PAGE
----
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Chinese police arrest professor who linked coronavirus to the Chinese communist party

Chinese police standing in Beijing. (Beijing Patrol/Flickr)
May 10, 2020

This article was originally published by Radio Free Asia and is reprinted with permission.

Authorities in the Chinese capital have formally arrested a retired professor who called COVID-19 a “Chinese Communist Party (CCP) virus,” as supporters of the ruling party unleash a political backlash against its critics and the authorities investigate supporters of Wuhan Diary author Fang Fang.

Beijing police formally arrested Chen Zhaozhi on April 14 for “picking quarrels and stirring up trouble,” a charge frequently used to target peaceful critics of the regime, after he made comments linking the coronavirus to the CCP.

Chen, a former professor at the Beijing University of Science and Technology, had weighed in on a raging online debate about the origin of the coronavirus pandemic by saying it should be described as a “Chinese Communist Party virus” rather than a Chinese virus.

Chen, 68, told his lawyer during their first meeting on April 24 that police had tried to force him to confess but he refused to do so, according to the overseas based Chinese Human Rights Defenders (CHRD) network.

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Chen, who is currently being held at the Haidian Detention Center in Beijing, has high blood-pressure and has previously suffered a stroke, sparking concerns about his health, especially if he becomes infected with the coronavirus himself.

He also suffers from dementia, adding to concerns for his well-being.

Beijing resident Ma Xinli, who has been trying to find out more about Chen’s case, said he was initially called in for questioning at the Haidian police station on April 10.

“According to his [ex-]wife, the police came to his home before they detained him and checked the contents of his cell phone,” Ma said. “After they detained him, they took his computer away as well.”

‘A very sensitive topic’

Ma said Chen’s detention was “very likely” linked to his remarks about the coronavirus.

“The Wuhan pneumonia is a very sensitive topic right now, so it’s risky to post or repost anything relating to it,” he said.

Ma said Chen was diagnosed with dementia on a recent trip to hospital.

“It was the police who took him there, so they know about it,” he said. “He shouldn’t be detained at all.”

Chen’s lawyer Ma Gangquan said Chen was refusing to “confess,” which didn’t bode well for him, as he was already being watched by police after shouting “Down with Li Peng!” outside Beijing’s Babaoshan crematorium last year, on the day of the former premier’s funeral.

“He won’t plead guilty, because he thinks that what he wrote online should come under freedom of expression, and was therefore legal,” Ma Gangquan said. “This is purely an act of revenge by the police department.”

Nationwide backlash

Chen’s arrest comes amid a nationwide backlash, both online and by law enforcement, against anyone criticizing China’s handling of the coronavirus epidemic after it emerged in Wuhan.

Liang Yanping, a professor at Hubei University, is currently under investigation by the authorities, and has been targeted by a deluge of hate speech and threats online since she spoke out in support of Fang Fang, who authored the mildly critical Wuhan Diary when the city was under lockdown.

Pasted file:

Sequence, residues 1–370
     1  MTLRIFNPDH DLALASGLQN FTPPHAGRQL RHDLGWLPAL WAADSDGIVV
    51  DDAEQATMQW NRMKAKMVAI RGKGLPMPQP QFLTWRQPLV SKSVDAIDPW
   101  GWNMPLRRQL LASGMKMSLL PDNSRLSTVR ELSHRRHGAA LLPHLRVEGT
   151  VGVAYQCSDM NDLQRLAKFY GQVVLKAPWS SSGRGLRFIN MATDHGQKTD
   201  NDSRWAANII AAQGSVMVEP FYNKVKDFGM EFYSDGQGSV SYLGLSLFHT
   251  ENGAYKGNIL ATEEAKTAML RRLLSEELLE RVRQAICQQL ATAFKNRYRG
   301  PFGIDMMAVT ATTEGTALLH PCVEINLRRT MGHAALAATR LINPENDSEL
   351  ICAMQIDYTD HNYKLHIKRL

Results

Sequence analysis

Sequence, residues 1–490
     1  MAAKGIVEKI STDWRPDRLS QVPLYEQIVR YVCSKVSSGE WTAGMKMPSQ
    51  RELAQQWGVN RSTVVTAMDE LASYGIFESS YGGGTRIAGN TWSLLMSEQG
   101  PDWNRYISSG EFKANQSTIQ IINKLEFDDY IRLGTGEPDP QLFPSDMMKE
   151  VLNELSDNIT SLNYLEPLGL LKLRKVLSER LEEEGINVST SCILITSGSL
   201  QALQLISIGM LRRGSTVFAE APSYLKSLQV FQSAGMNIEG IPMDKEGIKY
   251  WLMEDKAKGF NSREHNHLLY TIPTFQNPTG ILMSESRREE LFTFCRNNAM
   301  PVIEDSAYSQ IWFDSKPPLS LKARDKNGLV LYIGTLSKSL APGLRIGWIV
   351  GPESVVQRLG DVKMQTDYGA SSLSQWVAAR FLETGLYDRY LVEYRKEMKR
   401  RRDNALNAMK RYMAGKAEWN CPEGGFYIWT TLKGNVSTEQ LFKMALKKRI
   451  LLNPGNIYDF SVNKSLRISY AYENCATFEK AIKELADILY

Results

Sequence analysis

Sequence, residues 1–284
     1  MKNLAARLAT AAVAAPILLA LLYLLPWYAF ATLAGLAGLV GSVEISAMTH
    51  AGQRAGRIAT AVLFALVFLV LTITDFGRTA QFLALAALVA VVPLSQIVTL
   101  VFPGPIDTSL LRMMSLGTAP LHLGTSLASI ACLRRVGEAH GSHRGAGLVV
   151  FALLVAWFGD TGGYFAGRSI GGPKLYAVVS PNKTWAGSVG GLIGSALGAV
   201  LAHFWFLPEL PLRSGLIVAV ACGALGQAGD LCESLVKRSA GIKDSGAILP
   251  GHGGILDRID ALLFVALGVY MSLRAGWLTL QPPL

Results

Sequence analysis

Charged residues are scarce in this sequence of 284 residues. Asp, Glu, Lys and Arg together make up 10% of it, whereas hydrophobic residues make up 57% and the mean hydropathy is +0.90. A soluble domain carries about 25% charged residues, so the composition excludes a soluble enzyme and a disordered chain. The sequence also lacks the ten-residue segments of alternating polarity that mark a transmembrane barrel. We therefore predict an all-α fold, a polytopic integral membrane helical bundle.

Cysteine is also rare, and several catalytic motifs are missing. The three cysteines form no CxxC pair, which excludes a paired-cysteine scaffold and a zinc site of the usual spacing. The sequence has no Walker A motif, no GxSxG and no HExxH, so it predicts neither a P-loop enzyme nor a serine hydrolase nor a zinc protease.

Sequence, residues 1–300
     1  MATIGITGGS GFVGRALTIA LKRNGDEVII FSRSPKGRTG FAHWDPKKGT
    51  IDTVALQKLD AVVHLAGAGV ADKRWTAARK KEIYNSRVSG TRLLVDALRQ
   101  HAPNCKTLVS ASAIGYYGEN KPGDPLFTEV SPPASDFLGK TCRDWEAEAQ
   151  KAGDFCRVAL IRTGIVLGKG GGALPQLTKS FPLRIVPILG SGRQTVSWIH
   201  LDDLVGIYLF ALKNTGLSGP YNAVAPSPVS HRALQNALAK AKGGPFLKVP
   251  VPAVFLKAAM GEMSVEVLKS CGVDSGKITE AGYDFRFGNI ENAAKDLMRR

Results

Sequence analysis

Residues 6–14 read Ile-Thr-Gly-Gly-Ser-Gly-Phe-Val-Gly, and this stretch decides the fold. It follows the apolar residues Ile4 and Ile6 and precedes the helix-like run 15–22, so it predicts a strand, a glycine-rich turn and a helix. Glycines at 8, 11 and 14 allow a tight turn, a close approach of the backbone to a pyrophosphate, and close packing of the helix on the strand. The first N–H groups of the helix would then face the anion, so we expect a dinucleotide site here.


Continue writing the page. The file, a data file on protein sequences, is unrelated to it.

“Little pink” CCP supporters and paid “50-cent army” commentators have also targeted retired Hainan University professor and acclaimed poet Wang Xiaoni for a torrent of online abuse.

Guo Yuhua, sociology professor at Beijing’s prestigious Tsinghua University, said there appears to be a renewed nationwide political campaign targeting outspoken academics and intellectuals under way.

“This is happening in colleges and universities,” Guo said. “It’s not, I think, just about restricting speech, but also about the targeted elimination of people who express dissenting views.”

“They are targeting anyone who expresses their support … for Fang Fang,” she said.

She said those targeting Fang Fang and her supporters, many of whom are older women from a literary background, lack the ability to think critically.

“I don’t know them, but they behave in such a disgusting way, like they can’t tell right from wrong,” Guo said. “They don’t have minds of their own, or any capacity for independent thought; I actually pity them.”

Online comments likened the online witch-hunt to the chaotic and arbitrary political campaigns and struggle sessions of the Cultural Revolution (1966-1976).

Intimidation, harassment

Meanwhile, authorities in the central province of Hubei have intimidated and harassed potential litigants

“Chinese police intimidated and harassed potential plaintiffs in litigation against Wuhan and Hubei governments for failure to release vital information about the novel coronavirus in a timely manner, which resulted in deaths and damage,” CHRD said in a statement on its website.

“Authorities pressured victims and families to abandon efforts to seek legal consul online, give media interviews, or contact lawyers offering legal aid,” it said.

By April 22, at least six families who lost loved ones to the virus and one woman who recovered from it were forced to abandon lawsuits “under intense threats and harassment,” the group said.

Meanwhile, an internal Chinese report has warned that Beijing faces a rising wave of hostility in the wake of the coronavirus outbreak that could tip relations with the United States into confrontation, according to Reuters.

The report, presented early last month by the Ministry of State Security to top Beijing leaders including President Xi Jinping, concluded that global anti-China sentiment is at its highest since the 1989 Tiananmen Square crackdown.

The Chinese foreign ministry declined to comment when contacted by Reuters.